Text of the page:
fstab(5) - NetBSD Manual Pages

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FSTAB(5)                  NetBSD File Formats Manual                  FSTAB(5)

fstab -- filesystem table for devices, types, and mount points
#include <fstab.h>
The file fstab contains descriptive information about the various file systems. fstab is only read by programs, and not written; it is the duty of the system administrator to properly create and maintain this file. Each filesystem is described on a separate line; fields on each line are separated by tabs or spaces. Lines beginning with ``#'' are comments. The order of records in fstab is important because fsck(8), mount(8), and umount(8) sequentially iterate through fstab doing their respective tasks. Each configuration line/record in fstab has the format: fs_spec fs_file fs_vfstype fs_mntops fs_freq fs_passno The first field, (fs_spec), describes the block special device or remote filesystem to be mounted. For filesystems of type ffs, the special file name is the block special file name, and not the character special file name. If a program needs the character special file name, the program must create it by appending a ``r'' after the last ``/'' in the special file name. The second field, (fs_file), describes the mount point for the filesys- tem. For swap and dump partitions, this field should be specified as ``none''. The third field, (fs_vfstype), describes the type of the filesystem. The system currently supports these filesystems: adosfs an AmigaDOS filesystem. cd9660 an ISO 9660 CD-ROM filesystem. ext2fs an implementation of the Linux ``Second Extended File-system''. fdesc an implementation of /dev/fd. ffs a local UNIX filesystem. filecore a filesystem for RISC OS. kernfs various and sundry kernel statistics. lfs a log-structured file-system. mfs a local memory-based UNIX filesystem. msdos an MS-DOS ``FAT filesystem''. nfs a Sun Microsystems compatible ``Network File System''. ntfs a filesystem used by Windows NT. Still experimental. null a loop-back filesystem, allowing parts of the system to be viewed elsewhere. overlay a demonstration of layered filesystems. portal a general filesystem interface, currently supports TCP and FS mounts. procfs a local filesystem of process information. ptyfs a pseudo-terminal device file system. smbfs a shared resource from an SMB/CIFS file server. swap a disk partition to be used for swapping and paging. tmpfs an efficient memory file system. umap a user and group re-mapping filesystem. union a translucent filesystem. The fourth field, (fs_mntops), describes the mount options associated with the filesystem. It is formatted as a comma separated list of options. It contains at least the type of mount (see fs_type below) plus any additional options appropriate to the filesystem type. The option ``auto'' can be used in the ``noauto'' form to cause a file system not to be mounted automatically (with ``mount -a'' , or system boot time). If the options ``userquota'' and/or ``groupquota'' are specified, the filesystem is automatically processed by the quotacheck(8) command, and user and/or group disk quotas are enabled with quotaon(8). By default, filesystem quotas are maintained in files named quota.user and quota.group which are located at the root of the associated filesystem. These defaults may be overridden by putting an equal sign and an alterna- tive absolute pathname following the quota option. Thus, if the user quota file for /tmp is stored in /var/quotas/tmp.user, this location can be specified as: userquota=/var/quotas/tmp.user The type of the mount is extracted from the fs_mntops field and stored separately in the fs_type field (it is not deleted from the fs_mntops field). If fs_type is ``rw'' or ``ro'' then the filesystem whose name is given in the fs_file field is normally mounted read-write or read-only on the specified special file. If fs_type is ``sw'' or ``dp'' then the spe- cial file is made available as a piece of swap or dump space by the swapctl(8) command towards the beginning of the system reboot procedure. See swapctl(8) for more information on configuring swap and dump devices. The fields other than fs_spec and fs_type are unused. If fs_type is specified as ``xx'' the entry is ignored. This is useful to show disk partitions which are currently unused. The fifth field, (fs_freq), is used for these filesystems by the dump(8) command to determine which filesystems need to be dumped. If the fifth field is not present, a value of zero is returned and dump(8) will assume that the filesystem does not need to be dumped. The sixth field, (fs_passno), is used by the fsck(8) program to determine the order in which filesystem checks are done at reboot time. The root filesystem should be specified with a fs_passno of 1, and other filesys- tems should have a fs_passno of 2. Filesystems within a drive will be checked sequentially, but filesystems on different drives will be checked at the same time to use parallelism available in the hardware. If the sixth field is not present or zero, a value of zero is returned and fsck(8) will assume that the filesystem does not need to be checked. #define FSTAB_RW "rw" /* read-write device */ #define FSTAB_RQ "rq" /* read/write with quotas */ #define FSTAB_RO "ro" /* read-only device */ #define FSTAB_SW "sw" /* swap device */ #define FSTAB_DP "dp" /* dump device */ #define FSTAB_XX "xx" /* ignore totally */ struct fstab { char *fs_spec; /* block special device name */ char *fs_file; /* filesystem path prefix */ char *fs_vfstype; /* type of filesystem */ char *fs_mntops; /* comma separated mount options */ char *fs_type; /* rw, ro, sw, or xx */ int fs_freq; /* dump frequency, in days */ int fs_passno; /* pass number on parallel fsck */ }; The proper way to read records from fstab is to use the routines getfsent(3), getfsspec(3), and getfsfile(3).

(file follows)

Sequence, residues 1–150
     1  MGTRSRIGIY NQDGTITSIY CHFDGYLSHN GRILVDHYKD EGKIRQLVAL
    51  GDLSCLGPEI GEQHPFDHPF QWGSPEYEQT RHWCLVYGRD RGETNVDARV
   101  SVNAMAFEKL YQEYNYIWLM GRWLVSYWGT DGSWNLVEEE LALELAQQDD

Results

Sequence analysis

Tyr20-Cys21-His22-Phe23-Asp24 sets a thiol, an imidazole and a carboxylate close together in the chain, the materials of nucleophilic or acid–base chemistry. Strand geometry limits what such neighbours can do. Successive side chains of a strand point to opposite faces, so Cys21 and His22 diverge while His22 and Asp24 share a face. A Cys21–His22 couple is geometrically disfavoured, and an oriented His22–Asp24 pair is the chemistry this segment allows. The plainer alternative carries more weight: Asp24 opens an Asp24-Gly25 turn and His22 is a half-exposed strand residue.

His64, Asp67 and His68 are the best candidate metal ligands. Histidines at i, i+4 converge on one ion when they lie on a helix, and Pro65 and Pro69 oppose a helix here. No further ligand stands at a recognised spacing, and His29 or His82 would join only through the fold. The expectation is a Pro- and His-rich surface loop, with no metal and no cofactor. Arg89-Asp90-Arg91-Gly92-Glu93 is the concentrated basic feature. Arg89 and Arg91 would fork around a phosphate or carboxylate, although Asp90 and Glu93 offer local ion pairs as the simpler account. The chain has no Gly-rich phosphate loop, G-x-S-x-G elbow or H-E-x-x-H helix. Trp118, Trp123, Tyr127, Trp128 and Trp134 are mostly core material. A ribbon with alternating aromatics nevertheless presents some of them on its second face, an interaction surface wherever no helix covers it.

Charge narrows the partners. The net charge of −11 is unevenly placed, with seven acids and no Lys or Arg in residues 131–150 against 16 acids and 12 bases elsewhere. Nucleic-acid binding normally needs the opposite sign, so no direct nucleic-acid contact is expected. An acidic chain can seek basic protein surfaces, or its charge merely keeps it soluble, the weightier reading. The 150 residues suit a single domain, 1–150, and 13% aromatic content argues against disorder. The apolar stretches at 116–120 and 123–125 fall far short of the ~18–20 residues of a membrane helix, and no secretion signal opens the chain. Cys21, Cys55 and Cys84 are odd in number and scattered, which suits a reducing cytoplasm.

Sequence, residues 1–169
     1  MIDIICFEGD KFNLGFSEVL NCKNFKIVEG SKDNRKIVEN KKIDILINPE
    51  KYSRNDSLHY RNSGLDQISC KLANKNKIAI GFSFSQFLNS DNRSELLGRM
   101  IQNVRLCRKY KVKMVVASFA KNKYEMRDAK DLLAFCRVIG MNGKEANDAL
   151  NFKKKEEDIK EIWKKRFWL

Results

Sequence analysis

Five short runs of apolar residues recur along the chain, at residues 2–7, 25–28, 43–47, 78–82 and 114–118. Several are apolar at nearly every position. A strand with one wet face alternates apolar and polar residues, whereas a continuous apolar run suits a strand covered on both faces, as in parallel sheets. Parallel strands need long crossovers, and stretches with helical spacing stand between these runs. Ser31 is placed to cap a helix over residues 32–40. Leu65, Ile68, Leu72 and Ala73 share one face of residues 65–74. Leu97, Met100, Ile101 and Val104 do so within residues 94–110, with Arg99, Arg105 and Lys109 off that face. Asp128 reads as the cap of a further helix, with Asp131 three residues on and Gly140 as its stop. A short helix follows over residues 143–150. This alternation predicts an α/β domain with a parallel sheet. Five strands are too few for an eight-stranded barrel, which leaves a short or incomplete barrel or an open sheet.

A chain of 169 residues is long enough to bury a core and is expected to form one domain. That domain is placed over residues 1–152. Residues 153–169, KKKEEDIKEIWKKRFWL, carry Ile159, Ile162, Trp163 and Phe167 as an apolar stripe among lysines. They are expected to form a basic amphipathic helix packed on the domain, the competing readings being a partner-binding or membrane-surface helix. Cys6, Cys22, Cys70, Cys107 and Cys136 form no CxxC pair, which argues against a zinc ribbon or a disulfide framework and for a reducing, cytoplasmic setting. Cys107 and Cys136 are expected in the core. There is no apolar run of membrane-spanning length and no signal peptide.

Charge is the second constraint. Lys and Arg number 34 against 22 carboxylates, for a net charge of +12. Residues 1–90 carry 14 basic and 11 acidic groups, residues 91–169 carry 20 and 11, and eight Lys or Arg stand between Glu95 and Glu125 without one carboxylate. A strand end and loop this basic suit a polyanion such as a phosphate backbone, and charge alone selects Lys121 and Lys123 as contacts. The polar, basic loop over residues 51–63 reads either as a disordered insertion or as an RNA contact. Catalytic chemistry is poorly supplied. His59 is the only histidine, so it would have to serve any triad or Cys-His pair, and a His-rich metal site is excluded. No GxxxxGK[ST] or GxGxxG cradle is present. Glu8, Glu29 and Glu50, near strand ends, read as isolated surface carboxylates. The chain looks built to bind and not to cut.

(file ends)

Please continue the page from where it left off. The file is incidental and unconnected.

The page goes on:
/etc/fstab The location of fstab configuration file. /usr/share/examples/fstab/ Some useful configuration examples.
getfsent(3), mount(8), swapctl(8)
The fstab file format appeared in 4.0BSD. NetBSD 5.0 March 9, 2007 NetBSD 5.0